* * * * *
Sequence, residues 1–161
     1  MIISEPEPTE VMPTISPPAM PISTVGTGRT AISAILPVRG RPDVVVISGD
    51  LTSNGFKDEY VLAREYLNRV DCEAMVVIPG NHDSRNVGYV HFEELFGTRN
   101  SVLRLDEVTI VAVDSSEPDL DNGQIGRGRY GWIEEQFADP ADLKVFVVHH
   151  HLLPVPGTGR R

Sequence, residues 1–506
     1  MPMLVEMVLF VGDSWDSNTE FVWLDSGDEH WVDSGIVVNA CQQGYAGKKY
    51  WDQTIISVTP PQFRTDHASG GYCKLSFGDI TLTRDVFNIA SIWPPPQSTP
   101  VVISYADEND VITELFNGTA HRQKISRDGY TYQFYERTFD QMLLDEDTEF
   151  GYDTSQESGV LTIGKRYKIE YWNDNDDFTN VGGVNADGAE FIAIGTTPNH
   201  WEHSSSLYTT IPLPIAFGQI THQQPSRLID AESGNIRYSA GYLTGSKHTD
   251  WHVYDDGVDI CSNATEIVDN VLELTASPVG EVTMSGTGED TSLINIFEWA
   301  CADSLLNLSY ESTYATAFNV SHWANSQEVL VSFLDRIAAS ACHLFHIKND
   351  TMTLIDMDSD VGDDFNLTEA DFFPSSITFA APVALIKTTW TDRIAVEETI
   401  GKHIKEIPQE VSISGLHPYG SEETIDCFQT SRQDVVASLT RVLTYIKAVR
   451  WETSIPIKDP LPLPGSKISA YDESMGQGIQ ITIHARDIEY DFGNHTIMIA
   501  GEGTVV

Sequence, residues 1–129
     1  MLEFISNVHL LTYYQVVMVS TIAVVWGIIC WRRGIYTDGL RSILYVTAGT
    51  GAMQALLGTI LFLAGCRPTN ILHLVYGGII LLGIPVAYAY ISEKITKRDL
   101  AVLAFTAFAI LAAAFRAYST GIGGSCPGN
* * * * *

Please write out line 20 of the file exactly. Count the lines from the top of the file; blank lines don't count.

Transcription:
    51  GAMQALLGTI LFLAGCRPTN ILHLVYGGII LLGIPVAYAY ISEKITKRDL